Ted Simons: unlike wolves or dogs they can't be tamed, correct?

Dan Flores: They did not ever choose domestication. That's correct.

Ted Simons: What happened?

Dan Flores: I think they figured out a long time ago, they have been living around humans for 15,000 years and they figured out they could coexist in our midst and sort of reap the benefits of our presence without ever having to sur render their freedom.

Ted Simons: deal with us personally.

Dan Flores: absolutely.

Ted Simons: I can understand the coyotes' concern there. Where are coyotes found?

Dan Flores: Originally in the American west, but starting about 125 years ago they began to expand out of the west until now they are in every state in the union. They colonized with the exception of Hawaii, and some of us think that they are probably in the act of stowing away to Hawaii now. They colonized Delaware in 2010.

Ted Simons: From central park they have been found in central park, to a commuter train in Oregon.

Dan Flores: Correct.

Ted Simons: How come they spread so easily, so fast?

Dan Flores: well, they have spread primarily for two reasons. One, we eliminated the competition. We humans did. When we began to extirpate wolves that opened up a niche for a mid size predator. One thing that set them in motion that been our war of extermination against them. Starting in the 1920's, after wolves were taken care of we tried to do our best to wipe them off the face of the continent, setting in motion some evolution adapt ability they have to colonize across the entire continent.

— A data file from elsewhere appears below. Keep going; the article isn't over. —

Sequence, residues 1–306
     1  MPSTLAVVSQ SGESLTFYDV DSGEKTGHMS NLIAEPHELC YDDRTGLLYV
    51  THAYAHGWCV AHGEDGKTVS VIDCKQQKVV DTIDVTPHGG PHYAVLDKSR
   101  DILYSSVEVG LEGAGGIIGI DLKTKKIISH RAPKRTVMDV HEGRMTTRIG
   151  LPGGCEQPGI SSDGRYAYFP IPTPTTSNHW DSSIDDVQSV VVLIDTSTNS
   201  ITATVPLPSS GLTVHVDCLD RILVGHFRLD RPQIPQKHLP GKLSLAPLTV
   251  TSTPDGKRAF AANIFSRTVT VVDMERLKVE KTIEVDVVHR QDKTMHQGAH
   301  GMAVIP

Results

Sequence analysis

Ted Simons: give us some of the adaptations.

Dan Flores: One is the ability to vary their litter size when they are under pressure. Under normal circumstances coyotes basically will rise to a population level and it stays pretty stable. When they are pressured, they begin to increase their litter size from an average of about five or six pups to as many as 17, 18, 19 pups.

Ted Simons: Interesting. You also write a characteristic is that they can function alone or they can function in groups. That's relatively unusual, isn't it?

Dan Flores: it's so unusual only a handful of species around the world of mammal species are able to do that. We happen to be one of the other species that can do that. Biologists call this fish infusion, the ability to cooperate as groups and live as social groups or as conditions warrant to basically go it alone or as pairs. Coyotes can do that very well.

Ted Simons: as far as the history of the coyote and the relationship with man, everything from the tricksters of American Indian folklore -- ranchers -- talk to us about that. That relationship with man.

Dan Flores: well, it's an old relationship. It goes back 15,000 years. For probably 10,000 years, for native people, in the American west in particular, coyotes basically served as a deity figure. They picked them out among all the animals of the Pleistocene period 10,000 years ago as this figure they thought was most like humans. Since that time, since European Americans came to the continent, it's been something more like a war against coyotes.

Ted Simons: yeah, but a war that as you mentioned they have adapted to.

Dan Flores: It's a war basically that we can't win. We have tried to win it for a long time. But it's become now kind of a war of ideology rather than science. Most of the people in charge of at wildlife services, for example, arm of the federal government that is responsible for taking out coyotes on behalf of agriculture, they realize that this is not a winable war. But they persisted with the strategy of taking them out anyway.